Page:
• Ensure that all tools are suited for on board use, by involving seafarers in the decision-making process, ideally at the stage of tool development and calibration;
  • Give special attention to the user-friendliness of tools, and prefer tools with built-in familiarisation training modules or user manuals;
  • Ensure that tools are properly tested and refined before full rollout;
  • Avoid double tasking/reporting (paperwork + digital procedure) by decreasing, wherever possible, traditional paperwork;
  • Ensure continuous updated training to re-skill/up-skill crew;
  • Adapt seafarer training in maritime schools to the digital reality, while maintaining traditional seafarer training (to avoid loss of essential skills and practical seamanship);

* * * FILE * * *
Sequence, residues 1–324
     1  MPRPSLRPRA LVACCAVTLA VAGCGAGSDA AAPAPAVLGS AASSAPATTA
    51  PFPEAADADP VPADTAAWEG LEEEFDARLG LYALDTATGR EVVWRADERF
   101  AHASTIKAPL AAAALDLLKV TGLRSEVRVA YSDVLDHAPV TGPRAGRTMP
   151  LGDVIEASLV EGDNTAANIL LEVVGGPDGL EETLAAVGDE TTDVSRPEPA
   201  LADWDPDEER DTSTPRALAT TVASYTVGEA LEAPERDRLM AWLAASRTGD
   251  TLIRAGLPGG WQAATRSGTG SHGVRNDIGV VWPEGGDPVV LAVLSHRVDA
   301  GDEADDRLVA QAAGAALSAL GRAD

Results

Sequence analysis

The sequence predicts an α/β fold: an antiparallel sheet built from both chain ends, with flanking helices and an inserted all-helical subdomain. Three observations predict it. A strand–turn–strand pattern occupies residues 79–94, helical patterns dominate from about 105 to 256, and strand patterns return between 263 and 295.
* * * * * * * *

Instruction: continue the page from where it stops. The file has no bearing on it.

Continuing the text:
• Be cautious of over-reliance/trust in digital tools (ashore and on board) and stress importance of human cross-check and oversight;
  • Be mindful of differences in level of familiarity with digital tools on board (depending on level of experience/training) and adapt training accordingly to avoid some seafarers being left behind;
  • Ensure that new risks created by increased use of digital tools (e.g. cybersecurity risks) are appropriately taken into consideration, and reassure/inform seafarers of measures taken to minimise risks (e.g. training, manual override protocols);
  • Carefully consider the burden of responsibility when digital tools result in a shift of tasks from ship to shore. Responsibility should follow the task;
  • Be mindful of isolation of crew members – ensure that opportunities remain on board for seafarers to socialize together where they wish to do so;
  • Ensure that advances in digitalisation also provide benefits for seafarers, e.g. in the form of improved possibilities to communicate with family and friends;
  • Remote inspections are only to be used when physical inspections are not possible.


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Source: Safety4Sea